Portugal's parliament has voted to legalise gay marriage but will not allow adoption by same-sex couples. In a speech before the vote, Prime Minister Jose Socrates said the new law was "designed to redress the decades of injustice".
AFP - Portugal's parliament approved a bill to legalise same sex marriages on Friday, less than 30 years after the country revoked its ban on homosexuality.
Lawmakers rejected proposals to allow gay couples to adopt, but otherwise the bill passed with little public controversy in what has traditionally been one of Europe's most socially conservative countries.
In contrast to Spain, where the run-up to the legalisation of gay marriage in 2005 brought hundreds of thousands of demonstrators onto the streets, the bill in Portugal provoked only muted opposition even from the political right.
After less than three hours' debate, Friday's parliamentary vote went mainly along party lines, with the left-wing majority backing the measure proposed by Prime Minister Jose Socrates and the right-wing opposition voting against.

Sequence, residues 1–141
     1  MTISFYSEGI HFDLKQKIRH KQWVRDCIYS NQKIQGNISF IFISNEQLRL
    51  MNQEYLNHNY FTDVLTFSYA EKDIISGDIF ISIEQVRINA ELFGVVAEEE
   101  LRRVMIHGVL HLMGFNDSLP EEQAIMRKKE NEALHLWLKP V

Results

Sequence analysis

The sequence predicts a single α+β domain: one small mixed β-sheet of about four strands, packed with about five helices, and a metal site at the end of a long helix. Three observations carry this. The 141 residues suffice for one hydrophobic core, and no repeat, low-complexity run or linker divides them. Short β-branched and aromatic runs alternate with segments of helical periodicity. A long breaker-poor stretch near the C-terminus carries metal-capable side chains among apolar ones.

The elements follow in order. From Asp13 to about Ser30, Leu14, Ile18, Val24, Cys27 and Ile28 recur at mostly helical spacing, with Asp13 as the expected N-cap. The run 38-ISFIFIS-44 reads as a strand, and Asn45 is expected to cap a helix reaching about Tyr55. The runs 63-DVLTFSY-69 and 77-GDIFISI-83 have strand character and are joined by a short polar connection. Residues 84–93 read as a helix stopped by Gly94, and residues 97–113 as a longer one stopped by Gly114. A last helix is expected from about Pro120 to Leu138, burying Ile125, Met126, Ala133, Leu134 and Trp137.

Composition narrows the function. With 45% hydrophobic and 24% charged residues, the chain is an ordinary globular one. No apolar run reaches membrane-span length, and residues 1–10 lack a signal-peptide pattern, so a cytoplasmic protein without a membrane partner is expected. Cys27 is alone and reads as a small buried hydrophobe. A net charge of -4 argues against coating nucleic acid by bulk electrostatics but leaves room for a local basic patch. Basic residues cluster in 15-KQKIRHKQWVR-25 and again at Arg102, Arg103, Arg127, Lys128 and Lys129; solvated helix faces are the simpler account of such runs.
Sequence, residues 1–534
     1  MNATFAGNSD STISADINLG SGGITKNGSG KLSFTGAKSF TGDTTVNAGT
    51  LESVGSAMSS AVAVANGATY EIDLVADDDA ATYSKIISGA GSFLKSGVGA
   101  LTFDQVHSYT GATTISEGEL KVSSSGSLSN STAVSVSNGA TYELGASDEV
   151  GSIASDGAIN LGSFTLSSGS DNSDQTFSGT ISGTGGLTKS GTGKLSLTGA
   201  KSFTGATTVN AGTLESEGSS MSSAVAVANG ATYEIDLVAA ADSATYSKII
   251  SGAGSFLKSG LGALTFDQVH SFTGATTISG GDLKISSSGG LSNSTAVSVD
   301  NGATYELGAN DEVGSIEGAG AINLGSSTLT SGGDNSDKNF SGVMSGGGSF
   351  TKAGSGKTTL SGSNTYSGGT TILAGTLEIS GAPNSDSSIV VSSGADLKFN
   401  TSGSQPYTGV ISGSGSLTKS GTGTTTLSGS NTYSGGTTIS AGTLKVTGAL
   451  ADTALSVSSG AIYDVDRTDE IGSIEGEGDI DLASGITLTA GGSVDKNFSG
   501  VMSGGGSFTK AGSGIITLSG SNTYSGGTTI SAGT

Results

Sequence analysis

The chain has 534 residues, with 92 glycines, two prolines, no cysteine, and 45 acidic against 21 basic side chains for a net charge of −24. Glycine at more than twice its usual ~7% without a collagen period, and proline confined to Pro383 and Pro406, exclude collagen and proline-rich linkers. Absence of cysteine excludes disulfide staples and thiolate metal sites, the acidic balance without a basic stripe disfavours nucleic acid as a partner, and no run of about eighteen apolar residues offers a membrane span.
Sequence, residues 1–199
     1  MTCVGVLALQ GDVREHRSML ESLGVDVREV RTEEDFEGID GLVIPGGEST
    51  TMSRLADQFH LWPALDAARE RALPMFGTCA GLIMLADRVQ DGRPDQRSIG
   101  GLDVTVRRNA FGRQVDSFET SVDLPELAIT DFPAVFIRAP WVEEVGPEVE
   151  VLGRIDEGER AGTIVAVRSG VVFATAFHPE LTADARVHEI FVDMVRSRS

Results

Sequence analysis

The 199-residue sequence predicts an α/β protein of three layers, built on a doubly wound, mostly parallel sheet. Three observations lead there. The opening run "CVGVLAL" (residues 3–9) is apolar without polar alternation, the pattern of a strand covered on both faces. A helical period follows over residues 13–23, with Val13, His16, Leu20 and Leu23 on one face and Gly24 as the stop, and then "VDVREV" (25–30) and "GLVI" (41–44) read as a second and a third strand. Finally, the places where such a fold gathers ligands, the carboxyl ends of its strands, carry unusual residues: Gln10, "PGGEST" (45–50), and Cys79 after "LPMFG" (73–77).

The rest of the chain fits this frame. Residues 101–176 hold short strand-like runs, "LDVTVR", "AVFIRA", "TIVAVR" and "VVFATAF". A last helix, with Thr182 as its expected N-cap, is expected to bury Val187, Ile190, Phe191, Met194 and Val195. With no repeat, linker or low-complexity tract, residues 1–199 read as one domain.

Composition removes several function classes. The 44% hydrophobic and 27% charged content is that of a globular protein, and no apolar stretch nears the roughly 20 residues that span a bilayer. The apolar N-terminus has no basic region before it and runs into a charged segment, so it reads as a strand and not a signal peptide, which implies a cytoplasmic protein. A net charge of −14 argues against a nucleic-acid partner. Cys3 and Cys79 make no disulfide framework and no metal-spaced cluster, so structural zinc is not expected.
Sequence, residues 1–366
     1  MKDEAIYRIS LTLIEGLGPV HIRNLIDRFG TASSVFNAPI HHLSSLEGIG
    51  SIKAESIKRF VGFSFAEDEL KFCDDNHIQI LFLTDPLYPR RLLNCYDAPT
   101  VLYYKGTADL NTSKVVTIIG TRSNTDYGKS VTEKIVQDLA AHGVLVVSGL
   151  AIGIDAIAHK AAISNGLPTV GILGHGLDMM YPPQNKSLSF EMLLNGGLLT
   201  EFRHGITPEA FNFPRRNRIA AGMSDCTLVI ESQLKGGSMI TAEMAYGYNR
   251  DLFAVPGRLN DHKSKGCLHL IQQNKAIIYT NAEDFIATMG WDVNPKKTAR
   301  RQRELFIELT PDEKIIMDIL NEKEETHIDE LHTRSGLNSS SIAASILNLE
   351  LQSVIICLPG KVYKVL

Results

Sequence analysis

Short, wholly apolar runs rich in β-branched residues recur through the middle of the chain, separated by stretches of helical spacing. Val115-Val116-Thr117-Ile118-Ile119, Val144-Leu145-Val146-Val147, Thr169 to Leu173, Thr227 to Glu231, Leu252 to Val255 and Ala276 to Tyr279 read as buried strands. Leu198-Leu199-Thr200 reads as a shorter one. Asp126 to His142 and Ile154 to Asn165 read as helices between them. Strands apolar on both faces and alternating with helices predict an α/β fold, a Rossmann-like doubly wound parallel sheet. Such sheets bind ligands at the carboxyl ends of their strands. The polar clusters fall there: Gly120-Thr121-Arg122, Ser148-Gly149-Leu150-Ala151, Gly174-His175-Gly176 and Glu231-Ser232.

It will now be reviewed in committee before coming back for a final vote in parliament, and could gain final approval before a visit by Pope Benedict XVI, due in Portugal in May.
Gay rights campaigners outside parliament greeted the result with cries of joy and celebrated with champagne and wedding cake.
Socrates said the aim of the legislation was to remedy decades of injustice towards gays, recalling that as recently as 1982 homosexuality was a crime in Portugal.
Parliament also defeated a demand backed by the right for a referendum following a petition which collected more than 90,000 signatures.
While normally vocal on the role of marriage and the family in society, the Catholic Church refused to mobilise on the issue, which Lisbon's Cardinal Patriarch Jose Policarpo said was "parliament's responsibility".
Date created : 2010-01-08